Anyone who mails abortion-inducing pills to someone in Tennessee could be slapped with a $50,000 charge or face up to 20 years in prison, under a Tennessee bill signed into law Thursday.
The bill comes just days after the leak of a Supreme Court draft opinion that would overturn Roe v. Wade, the 1973 Supreme Court decision that legalized abortion nationwide. Without Roe as a guardrail, experts predict that roughly half of U.S. states would ban abortion.
Tennessee is one of those states, which may initially make this new law seem unnecessary in a post-Roe United States. However, as legal access to abortion clinics dwindles, people will likely turn to self-managed abortion and order abortion-inducing pills online. After Texas last year enacted a law that banned abortion as early as six weeks into pregnancy, requests for help from a service that ships abortion-inducing pills spiked by 174 percent, a study found in February.
Self-managed abortion, using pills and early on in pregnancy, can be safe, medical experts say. But it does carry legal risks: If/When/How, a group that runs a legal defense for people facing criminal investigations for self-managed abortions, has discovered that since 2000, more than 60 people have faced criminal consequences for self-managing their own abortion or helping someone else manage theirs.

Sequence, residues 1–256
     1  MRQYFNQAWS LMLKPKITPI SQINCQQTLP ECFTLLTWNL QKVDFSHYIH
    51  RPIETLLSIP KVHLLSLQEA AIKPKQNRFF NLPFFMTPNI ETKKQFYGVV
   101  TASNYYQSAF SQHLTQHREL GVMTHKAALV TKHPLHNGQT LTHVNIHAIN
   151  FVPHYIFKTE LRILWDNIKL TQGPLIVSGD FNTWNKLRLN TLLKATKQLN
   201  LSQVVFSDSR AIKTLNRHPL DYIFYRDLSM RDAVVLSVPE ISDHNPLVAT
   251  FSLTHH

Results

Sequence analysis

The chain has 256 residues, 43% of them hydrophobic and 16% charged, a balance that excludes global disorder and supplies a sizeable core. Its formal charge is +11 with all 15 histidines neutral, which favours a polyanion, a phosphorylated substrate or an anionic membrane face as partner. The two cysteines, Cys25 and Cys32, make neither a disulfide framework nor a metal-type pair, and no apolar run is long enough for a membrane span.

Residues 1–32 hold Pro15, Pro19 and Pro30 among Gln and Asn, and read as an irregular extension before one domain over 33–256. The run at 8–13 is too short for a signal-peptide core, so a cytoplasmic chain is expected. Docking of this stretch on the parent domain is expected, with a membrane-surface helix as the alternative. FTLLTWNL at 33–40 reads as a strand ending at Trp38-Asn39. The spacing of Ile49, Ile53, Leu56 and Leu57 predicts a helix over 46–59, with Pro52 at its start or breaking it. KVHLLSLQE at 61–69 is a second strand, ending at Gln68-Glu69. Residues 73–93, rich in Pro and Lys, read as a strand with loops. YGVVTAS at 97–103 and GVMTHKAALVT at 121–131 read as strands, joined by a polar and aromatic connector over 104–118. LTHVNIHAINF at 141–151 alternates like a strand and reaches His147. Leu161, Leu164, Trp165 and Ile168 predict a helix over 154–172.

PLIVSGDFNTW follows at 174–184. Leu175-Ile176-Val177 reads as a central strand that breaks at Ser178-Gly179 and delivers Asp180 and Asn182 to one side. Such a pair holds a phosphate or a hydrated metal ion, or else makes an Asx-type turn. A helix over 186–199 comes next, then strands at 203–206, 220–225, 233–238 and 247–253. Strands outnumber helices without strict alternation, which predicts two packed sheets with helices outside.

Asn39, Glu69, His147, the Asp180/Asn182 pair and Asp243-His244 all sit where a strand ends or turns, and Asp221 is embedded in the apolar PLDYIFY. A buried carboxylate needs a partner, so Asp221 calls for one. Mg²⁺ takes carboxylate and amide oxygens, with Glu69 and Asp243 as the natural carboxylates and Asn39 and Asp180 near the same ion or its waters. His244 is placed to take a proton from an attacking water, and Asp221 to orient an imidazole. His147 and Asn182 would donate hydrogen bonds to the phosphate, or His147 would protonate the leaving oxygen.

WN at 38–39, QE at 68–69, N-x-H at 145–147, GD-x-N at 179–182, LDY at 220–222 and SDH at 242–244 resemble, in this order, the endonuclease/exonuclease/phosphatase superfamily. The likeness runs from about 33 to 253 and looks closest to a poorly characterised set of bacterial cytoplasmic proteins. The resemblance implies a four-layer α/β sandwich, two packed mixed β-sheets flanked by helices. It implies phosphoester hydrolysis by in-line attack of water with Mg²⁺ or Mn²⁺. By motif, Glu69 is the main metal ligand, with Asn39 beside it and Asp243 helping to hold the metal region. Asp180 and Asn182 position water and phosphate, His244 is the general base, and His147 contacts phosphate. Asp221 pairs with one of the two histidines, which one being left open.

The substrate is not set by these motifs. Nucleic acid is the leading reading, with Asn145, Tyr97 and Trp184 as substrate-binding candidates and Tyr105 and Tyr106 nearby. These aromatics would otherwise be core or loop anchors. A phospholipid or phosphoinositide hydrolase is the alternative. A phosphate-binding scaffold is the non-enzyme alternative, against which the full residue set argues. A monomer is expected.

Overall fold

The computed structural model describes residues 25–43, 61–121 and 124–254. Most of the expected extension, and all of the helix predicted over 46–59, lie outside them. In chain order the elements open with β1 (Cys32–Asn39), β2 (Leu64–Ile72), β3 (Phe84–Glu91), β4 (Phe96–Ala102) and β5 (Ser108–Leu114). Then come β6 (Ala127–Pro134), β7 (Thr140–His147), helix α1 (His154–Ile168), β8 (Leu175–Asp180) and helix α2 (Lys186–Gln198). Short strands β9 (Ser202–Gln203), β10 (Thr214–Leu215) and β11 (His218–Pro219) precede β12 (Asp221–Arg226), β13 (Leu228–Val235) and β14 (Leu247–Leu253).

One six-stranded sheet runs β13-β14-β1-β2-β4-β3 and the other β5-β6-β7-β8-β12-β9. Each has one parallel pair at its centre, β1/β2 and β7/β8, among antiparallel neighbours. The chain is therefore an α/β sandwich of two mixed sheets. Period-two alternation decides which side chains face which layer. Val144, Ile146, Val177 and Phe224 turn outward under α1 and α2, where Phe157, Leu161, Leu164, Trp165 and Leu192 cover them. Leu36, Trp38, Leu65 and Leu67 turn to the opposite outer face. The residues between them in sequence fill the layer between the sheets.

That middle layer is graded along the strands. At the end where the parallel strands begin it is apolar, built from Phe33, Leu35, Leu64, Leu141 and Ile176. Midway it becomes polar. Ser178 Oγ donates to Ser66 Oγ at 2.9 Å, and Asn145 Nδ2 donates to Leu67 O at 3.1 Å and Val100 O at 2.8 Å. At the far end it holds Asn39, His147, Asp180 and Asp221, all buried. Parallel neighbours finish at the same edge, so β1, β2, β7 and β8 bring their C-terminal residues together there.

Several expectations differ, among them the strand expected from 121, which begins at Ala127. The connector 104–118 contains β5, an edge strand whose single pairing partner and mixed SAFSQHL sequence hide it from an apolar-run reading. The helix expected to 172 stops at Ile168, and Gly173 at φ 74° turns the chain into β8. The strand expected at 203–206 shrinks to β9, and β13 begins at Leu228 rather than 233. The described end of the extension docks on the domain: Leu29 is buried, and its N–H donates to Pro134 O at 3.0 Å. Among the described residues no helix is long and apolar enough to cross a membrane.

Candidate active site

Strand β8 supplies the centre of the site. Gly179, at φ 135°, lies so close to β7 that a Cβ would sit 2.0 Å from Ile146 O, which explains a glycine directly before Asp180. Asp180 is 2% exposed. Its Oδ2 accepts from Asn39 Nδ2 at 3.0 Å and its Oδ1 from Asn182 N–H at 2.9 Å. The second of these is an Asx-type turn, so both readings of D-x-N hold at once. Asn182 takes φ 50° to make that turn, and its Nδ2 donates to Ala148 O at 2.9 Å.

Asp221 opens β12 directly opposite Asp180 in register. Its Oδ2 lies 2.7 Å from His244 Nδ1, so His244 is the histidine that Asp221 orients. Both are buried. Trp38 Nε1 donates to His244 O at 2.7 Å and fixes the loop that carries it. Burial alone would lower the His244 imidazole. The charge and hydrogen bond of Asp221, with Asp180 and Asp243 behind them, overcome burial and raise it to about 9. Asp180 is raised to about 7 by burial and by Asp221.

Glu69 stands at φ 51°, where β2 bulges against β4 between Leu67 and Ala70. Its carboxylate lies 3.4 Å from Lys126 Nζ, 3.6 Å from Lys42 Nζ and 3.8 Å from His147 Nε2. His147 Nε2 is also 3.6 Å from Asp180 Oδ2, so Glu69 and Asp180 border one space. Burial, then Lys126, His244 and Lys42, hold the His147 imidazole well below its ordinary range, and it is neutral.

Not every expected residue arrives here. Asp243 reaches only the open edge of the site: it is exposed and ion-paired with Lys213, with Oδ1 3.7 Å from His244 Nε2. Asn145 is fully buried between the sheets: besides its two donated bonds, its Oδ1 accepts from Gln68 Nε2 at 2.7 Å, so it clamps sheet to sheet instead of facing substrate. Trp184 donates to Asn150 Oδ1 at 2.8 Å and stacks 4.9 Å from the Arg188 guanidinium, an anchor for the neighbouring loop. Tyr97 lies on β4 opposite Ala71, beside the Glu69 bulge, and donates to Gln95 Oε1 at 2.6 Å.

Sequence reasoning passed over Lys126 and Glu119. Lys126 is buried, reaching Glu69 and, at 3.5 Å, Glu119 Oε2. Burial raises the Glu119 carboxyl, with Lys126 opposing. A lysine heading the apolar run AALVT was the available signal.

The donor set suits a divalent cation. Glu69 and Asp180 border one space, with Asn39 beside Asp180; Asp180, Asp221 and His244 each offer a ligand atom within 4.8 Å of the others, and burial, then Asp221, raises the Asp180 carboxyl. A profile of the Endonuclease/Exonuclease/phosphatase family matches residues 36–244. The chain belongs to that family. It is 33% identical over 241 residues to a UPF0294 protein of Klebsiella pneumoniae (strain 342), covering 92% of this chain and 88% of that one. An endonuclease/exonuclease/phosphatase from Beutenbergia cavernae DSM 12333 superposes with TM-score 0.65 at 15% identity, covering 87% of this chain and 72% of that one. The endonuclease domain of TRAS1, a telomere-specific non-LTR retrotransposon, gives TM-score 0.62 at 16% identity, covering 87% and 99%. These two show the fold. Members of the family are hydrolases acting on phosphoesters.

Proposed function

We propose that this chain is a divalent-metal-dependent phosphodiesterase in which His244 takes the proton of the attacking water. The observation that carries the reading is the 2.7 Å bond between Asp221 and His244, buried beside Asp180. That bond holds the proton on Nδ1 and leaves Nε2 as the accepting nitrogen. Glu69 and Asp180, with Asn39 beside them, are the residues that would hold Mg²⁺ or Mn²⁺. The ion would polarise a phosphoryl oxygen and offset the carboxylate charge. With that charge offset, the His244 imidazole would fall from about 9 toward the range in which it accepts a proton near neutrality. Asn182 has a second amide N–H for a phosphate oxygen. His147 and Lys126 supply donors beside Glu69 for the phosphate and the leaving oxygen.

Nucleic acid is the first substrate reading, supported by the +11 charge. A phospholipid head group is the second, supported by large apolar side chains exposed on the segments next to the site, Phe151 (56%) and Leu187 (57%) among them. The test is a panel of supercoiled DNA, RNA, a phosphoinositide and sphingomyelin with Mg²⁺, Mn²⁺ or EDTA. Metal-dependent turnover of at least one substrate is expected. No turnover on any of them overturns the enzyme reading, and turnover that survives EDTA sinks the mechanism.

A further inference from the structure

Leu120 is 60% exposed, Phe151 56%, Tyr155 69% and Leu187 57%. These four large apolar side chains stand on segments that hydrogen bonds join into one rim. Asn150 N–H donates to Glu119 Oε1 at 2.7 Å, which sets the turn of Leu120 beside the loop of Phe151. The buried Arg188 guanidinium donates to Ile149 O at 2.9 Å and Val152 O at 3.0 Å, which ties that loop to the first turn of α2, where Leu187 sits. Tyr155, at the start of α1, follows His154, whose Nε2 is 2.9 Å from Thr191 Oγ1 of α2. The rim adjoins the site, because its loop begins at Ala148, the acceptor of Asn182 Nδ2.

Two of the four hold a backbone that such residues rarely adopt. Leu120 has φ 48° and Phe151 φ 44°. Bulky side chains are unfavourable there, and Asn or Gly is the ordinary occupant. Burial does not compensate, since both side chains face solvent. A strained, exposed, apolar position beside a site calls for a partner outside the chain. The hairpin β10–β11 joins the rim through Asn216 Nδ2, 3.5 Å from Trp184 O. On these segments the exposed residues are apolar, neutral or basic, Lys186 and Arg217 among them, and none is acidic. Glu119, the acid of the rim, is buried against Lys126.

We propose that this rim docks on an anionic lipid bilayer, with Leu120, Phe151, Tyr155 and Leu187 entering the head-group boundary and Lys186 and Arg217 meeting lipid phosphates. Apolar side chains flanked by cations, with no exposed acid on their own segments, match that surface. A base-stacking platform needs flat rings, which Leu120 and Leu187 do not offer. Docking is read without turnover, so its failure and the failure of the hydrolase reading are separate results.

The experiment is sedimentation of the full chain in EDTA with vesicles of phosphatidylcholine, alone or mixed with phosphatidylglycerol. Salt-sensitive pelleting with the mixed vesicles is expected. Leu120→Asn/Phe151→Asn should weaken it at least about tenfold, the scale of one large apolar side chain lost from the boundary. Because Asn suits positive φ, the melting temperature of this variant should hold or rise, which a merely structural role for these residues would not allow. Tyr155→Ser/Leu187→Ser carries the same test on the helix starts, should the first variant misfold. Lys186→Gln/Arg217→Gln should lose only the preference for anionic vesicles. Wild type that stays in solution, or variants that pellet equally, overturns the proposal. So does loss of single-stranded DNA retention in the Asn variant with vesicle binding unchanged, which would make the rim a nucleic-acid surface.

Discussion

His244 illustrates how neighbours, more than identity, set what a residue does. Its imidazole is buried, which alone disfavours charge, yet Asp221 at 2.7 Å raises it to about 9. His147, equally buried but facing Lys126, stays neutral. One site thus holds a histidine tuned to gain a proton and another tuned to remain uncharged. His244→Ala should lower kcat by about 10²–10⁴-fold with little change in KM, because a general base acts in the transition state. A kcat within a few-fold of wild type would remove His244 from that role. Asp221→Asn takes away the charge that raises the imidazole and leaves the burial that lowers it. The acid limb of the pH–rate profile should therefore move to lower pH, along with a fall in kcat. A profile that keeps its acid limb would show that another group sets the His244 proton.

Abortion patients are shielded from criminal and civil penalties under the new Tennessee law. However, experts say that if prosecutors want to go after someone for a self-managed abortion, they will often find a statute that’s pliable enough to do it.
An abortion restriction that advanced this week in Louisiana does explicitly aim to penalize people who get abortions—by classifying abortion as homicide. In Louisiana, homicide is punishable with the death penalty.
The bill is headed to the full Louisiana House for debate.
Anti-abortion advocates have long grappled with the question of what do with people who get abortions: Are they deliberately murdering their own children, or are they being hoodwinked by predatory medical professionals? Successful abortion restrictions have long leaned towards the latter answer, and focused on penalizing abortion providers rather than patients. The infamous Texas abortion ban lets people sue anyone who “aids or abets” an illegal abortion—not the individuals who undergo them.
But legislation that directly targets abortion patients has occasionally surfaced. In 2021, a Texas legislator introduced a bill that would charge women and doctors who perform abortions with homicide, which in Texas is punishable with the death penalty. Another Texas lawmaker had previously introduced similar bills.
“Republicans DO NOT want to throw doctors and women in jail,” read a messaging memo drafted this week by the National Republican Senatorial Committee, the GOP’s campaign apparatus. “Mothers should be held harmless under the law.”
If Roe falls and states are able to regulate and punish abortion as they see fit, that may not be true.
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